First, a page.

Rehabilitation: A set of interventions designed to optimize the physical, social, and mental functioning of individuals in interaction with their environment. Rehabilitation is person-centered and encompasses a broad range of therapeutic measures. These include provision of assistive technologies and devices, plus exercise, training, education, support and counseling, and adaptation of the environment to eliminate barriers.

Rehabilitation 2030: Launched by the WHO in 2017 and accompanied by a “Call for action,” the Rehabilitation 2030 initiative has rallied stakeholders towards concerted and coordinated global action to scale up rehabilitation.5

Learning, Acting, and Building for Rehabilitation in Health Systems (ReLAB-HS): A USAID funded activity, aiming to drive significant change in the physical rehabilitation sector, maximizing opportunities for integrating rehabilitation in health systems, and responding to the growing need for assistive technology.

Systematic Assessment of Rehabilitation Situation (STARS): A tool developed by the WHO to facilitate effective prioritization and strategic planning for rehabilitation in countries.

Sustainable Development Goal (SDG): The 17 Sustainable Development Goals (SDGs) are at the heart of the 2030 Agenda for Sustainable Development, adopted by all United Nations Member States in 2015. The 2030 Agenda provides a shared blueprint for peace and prosperity for people and the planet, and the SDGs represent a call for action by all countries in a global partnership.6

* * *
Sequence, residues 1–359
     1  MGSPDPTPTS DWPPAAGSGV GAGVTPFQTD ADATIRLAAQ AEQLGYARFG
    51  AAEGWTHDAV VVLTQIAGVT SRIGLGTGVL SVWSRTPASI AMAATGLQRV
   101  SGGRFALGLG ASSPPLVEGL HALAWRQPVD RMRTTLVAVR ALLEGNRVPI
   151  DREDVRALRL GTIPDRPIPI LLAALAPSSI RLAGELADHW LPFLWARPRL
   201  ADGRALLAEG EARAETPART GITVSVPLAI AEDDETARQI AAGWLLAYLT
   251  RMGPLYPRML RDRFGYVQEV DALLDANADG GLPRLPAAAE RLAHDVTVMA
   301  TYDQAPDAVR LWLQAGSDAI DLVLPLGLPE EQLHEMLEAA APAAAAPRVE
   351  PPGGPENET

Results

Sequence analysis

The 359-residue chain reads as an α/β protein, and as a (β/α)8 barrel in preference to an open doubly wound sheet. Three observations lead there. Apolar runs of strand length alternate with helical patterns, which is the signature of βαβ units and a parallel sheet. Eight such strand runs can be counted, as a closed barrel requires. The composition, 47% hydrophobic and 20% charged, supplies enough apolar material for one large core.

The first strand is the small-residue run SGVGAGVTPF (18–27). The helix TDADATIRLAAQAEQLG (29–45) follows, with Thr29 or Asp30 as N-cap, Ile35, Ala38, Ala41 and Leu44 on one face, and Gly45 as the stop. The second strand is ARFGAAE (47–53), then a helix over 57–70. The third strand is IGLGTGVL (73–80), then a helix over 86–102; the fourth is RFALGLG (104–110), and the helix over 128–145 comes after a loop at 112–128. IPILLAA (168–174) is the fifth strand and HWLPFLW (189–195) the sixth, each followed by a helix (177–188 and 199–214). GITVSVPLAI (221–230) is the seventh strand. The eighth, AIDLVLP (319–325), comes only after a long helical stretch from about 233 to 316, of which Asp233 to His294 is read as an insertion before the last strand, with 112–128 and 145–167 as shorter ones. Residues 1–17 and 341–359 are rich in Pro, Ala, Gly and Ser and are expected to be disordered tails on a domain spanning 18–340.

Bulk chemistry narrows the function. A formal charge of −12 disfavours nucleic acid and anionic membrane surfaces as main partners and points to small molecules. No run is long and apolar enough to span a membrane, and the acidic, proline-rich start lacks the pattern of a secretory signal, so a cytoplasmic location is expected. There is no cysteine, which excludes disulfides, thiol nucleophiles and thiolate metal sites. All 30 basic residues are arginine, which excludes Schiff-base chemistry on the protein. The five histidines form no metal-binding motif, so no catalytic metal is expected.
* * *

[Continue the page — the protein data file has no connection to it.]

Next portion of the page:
United Nations (UN): An international organization founded in 1945. Currently made up of 193 Member States, the UN is guided by the purposes and principles contained in its founding Charter.7

United Nations Convention on the Rights of Persons with Disabilities (UNCRPD): Adopted on December 13, 2006, at the United Nations Headquarters in New York and opened for signature on March 30, 2007, the Convention is intended to be a human rights instrument with an explicit social development dimension.8